HAMILTON TOWNSHIP — Atlantic County officials are embarking on a countywide marketing campaign for the first time in decades, arguing the area can no longer rely on Atlantic City’s brand alone to bring tourists and businesses to the region.

Earlier this month, the Atlantic County Economic Alliance voted unanimously to spend $40,000 on a one-year marketing campaign headed by NJ Southern Shore DMO to promote tourism beyond the casinos in Atlantic City. The campaign, the first of its sort in nearly 30 years, is part of a broader effort by the county to diversify its economy beyond just gambling.

“This is something that was laid out in the report,” said Leo Schoffer, interim chairman of the ACEA, referring to the Angelou economic report commissioned in 2015.

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The ACEA is a nonprofit tasked with bringing new business into the county, an effort strongly recommended in the Angelou report. It holds monthly meetings at the Hamilton Mall that are open to the public.

“Most counties have a countywide marketing campaign,” said James Rutala, a planning consultant for several towns across the county. “Atlantic County hasn’t had that because we’ve relied on the casinos.”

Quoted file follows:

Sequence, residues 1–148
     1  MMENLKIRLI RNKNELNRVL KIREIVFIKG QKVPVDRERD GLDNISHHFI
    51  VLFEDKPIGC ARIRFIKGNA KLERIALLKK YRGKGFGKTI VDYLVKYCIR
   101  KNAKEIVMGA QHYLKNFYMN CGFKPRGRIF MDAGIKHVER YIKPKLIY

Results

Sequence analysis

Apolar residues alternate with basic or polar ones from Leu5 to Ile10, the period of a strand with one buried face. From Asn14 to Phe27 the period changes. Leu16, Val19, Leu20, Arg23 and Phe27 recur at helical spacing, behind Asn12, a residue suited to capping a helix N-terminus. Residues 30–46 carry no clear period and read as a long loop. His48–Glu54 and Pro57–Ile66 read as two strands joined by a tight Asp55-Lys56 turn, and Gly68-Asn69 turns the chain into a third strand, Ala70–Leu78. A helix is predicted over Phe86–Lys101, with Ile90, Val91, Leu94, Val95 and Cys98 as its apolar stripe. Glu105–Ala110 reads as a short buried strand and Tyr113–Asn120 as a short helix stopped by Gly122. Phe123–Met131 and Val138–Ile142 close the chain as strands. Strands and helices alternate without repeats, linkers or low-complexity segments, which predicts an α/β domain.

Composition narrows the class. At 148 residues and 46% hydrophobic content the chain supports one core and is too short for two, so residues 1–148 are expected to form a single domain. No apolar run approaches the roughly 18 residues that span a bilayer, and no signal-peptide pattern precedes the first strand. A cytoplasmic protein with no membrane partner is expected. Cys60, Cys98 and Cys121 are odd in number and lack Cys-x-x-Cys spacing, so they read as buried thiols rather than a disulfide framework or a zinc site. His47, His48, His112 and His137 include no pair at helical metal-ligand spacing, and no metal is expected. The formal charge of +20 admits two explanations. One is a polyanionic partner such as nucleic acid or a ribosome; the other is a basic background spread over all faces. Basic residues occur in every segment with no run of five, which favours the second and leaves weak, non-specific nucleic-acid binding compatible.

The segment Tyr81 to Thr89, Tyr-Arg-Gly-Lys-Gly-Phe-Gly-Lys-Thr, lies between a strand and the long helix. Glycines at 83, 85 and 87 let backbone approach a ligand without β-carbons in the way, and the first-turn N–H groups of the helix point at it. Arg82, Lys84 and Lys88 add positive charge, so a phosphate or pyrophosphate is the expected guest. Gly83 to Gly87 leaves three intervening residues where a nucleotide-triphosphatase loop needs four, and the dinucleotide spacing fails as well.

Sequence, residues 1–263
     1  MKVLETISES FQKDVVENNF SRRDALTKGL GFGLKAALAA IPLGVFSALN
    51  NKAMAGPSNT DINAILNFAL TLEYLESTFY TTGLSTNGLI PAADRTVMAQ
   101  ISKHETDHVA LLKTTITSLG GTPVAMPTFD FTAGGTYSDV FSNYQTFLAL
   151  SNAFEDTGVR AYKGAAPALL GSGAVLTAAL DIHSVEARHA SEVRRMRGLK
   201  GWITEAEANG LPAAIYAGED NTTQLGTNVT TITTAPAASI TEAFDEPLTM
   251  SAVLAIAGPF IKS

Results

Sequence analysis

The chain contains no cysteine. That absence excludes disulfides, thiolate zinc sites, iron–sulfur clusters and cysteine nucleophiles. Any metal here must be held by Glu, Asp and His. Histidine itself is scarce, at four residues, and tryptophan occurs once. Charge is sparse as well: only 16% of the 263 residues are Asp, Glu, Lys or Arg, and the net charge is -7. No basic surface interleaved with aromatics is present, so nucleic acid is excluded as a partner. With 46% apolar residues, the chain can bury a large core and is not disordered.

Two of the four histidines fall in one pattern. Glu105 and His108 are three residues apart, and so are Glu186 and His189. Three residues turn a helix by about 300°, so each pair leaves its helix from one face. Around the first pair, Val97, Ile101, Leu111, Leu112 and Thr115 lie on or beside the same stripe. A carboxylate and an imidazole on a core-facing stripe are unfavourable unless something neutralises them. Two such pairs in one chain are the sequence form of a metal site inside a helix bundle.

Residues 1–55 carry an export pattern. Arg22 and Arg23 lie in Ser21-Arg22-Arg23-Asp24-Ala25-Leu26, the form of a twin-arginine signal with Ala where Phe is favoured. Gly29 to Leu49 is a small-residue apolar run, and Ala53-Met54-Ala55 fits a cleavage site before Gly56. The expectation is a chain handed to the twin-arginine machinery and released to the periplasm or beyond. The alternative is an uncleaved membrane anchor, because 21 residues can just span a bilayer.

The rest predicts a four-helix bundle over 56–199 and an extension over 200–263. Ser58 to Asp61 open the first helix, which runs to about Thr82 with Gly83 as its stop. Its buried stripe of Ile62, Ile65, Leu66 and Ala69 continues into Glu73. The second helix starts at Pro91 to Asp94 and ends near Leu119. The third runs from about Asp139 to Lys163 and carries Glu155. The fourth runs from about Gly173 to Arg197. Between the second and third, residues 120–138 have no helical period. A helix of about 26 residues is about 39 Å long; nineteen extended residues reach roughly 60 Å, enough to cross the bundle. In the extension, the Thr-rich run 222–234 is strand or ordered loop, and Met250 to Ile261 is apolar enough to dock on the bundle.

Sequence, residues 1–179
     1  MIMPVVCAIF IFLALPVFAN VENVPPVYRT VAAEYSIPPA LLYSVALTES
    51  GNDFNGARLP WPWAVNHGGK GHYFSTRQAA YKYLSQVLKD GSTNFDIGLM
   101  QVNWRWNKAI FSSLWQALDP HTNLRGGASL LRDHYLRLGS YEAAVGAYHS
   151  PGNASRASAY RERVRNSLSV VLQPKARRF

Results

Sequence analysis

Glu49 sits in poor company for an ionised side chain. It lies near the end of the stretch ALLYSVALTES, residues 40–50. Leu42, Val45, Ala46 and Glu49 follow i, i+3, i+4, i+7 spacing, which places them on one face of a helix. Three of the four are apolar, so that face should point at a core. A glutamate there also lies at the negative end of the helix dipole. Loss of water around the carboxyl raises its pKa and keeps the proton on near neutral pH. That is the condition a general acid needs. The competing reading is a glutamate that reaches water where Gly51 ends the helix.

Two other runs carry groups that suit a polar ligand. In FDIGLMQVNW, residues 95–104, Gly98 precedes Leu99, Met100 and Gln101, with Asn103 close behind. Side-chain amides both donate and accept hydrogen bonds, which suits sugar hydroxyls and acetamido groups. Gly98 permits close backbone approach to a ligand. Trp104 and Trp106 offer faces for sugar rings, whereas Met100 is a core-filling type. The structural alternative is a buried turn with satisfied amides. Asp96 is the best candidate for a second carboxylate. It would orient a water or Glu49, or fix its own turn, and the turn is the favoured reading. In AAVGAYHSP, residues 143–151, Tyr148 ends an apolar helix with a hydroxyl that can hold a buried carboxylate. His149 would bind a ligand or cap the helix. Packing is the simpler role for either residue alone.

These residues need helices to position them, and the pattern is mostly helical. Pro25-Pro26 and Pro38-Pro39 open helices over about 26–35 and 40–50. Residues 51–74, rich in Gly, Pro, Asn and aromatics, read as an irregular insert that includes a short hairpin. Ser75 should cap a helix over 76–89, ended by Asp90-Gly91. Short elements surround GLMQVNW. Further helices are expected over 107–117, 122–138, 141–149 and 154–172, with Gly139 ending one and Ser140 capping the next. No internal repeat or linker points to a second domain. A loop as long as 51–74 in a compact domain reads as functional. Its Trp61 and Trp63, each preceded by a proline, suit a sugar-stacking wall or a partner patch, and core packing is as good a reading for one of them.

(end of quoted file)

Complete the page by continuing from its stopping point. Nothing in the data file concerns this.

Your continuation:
Atlantic County brings in nearly $6.7 billion per year in tourism revenue, Rutala said. Of that, about $2.6 billion comes from casinos. That means the remaining revenue streams are from smaller towns such as Hammonton and Buena Vista’s Richland section, among many others.

NJ Southern Shore DMO already markets Cape May and Cumberland counties. The DMO, or destination marketing organization, promotes those counties on its website and at trade shows throughout the United States and Canada.

Some of the sites they promote for Cape May County are Cape May Brewing Co., Cape May County Park & Zoo, Gillian’s Wonderland Pier and the Jersey Cape Wine, Beer & Distillery Trail. In Cumberland County, the DMO markets the Millville Army Airfield Museum and the Cumberland Mall, among other destinations.

Several towns across the county had considered creating their own destination marketing organizations before the ACEA agreed to invest in the marketing campaign, Rutala said. Now, those towns are enthusiastic about the new effort.

“When you look at successful marketing campaigns … they market the whole regions,” Rutala said, pointing to marketing campaigns in the Florida Keys that promote all the towns collectively. “This is a whole new regional effort.”

Contact: 609-272-7260 JDeRosier@pressofac.com Twitter @ACPressDeRosier

I joined The Press in January 2016 after graduating from Penn State in December 2015. I was the sports editor for The Daily Collegian on campus which covered all 31 varsity sports and several club sports.

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